It was an accident that Doug Leslie was in Pine Centre Mall on Wednesday. The Fort Fraser man was in Prince George on personal matters and found out at the mall that a flash mob was about to occur to draw attention to anti-bullying initiatives.
Leslie could not leave without seeing the demonstration by about 100 local elementary students, and offering his appreciation to the organizers.
Leslie is the father of Loren Donn Leslie, allegedly murdered in 2010 in the Vanderhoof / Fort St. James area. Since then, her father and many other family and friends have rallied values like compassion and empathy around her name. Leslie has become a public advocate for improving the self esteem of youth through education and personal development.
"I have a message to share, Loren's message," he said. "To be aware of those around us and to treat others with dignity, compassion and respect. It is a simple and honest message that sometimes doesn’t come easily to many."
Although he cannot discuss the details of the ongoing court case pertaining to his daughter's death, he can speak freely about the local efforts to make life better for young people. He and School District 91 are working together on a peer support program he hopes to pilot soon and expand to other districts. He wants School District 57 to be the second to try the program out.
"When I found out Doug Leslie was here, it shook me up. That was such an unexpected, excellent surprise. It made me cry just seconds before we were supposed to go on," said flash mob co-organizer Tessa Fraser, one of School District 57's aboriginal education workers.
She knew that Loren Leslie was a troubled youth who still found a way to spread dignity and caring throughout her circle of friends, and she knew that Loren Leslie had pronounced differences that sometimes made her a target. She was the kind of young person that anti-bullying events were built for.
"Loren was legally blind and was very self aware," said Doug Leslie. "She, as many do, had a tough time with many things in life but she always pressed on and kept an upbeat attitude. There were many times that she was down and instead of indulging in that feeling of hopelessness, she looked to help others who, perhaps, were more down than she. Loren was a person who did not judge - perhaps that was a fault - but she let individuals express themselves as who they were."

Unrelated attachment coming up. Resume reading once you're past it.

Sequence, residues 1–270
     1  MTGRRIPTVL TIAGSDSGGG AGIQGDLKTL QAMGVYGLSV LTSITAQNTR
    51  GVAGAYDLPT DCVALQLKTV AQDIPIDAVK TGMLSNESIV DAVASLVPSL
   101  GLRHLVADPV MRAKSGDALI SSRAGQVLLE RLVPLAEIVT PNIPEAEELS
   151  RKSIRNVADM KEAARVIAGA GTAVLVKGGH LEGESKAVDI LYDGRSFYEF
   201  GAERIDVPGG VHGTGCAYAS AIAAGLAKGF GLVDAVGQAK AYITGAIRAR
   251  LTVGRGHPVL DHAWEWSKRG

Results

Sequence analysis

Loren became a self-styled peer counsellor, spending long hours online or in person talking friends through their difficulties and being a supportive ear, said her father.
"How she became a magnet for troubled souls is mystifying, but she was," he said. "When she was shunned, bullied, ignored, or just not included she did not worry 'why me.' Instead she did her best to recognize what was unique in others and to go out of her way to include them in life.
"I may be quiet but I listen very loud...this is what Loren Donn Leslie believed," he said.
In addition to developing the peer support program, Doug Leslie is working to organize the next edition of the Loren Donn Leslie awareness walk in June. He is scheduled to also be a speaker on March 22 (noon to 4 p.m. at the Nadleh Community Hall) at the tribute to Destiny Rae Tom, a 21-year-old Nadleh Whut'en woman found beaten to death one year ago not far from her home. The police are still investigating.
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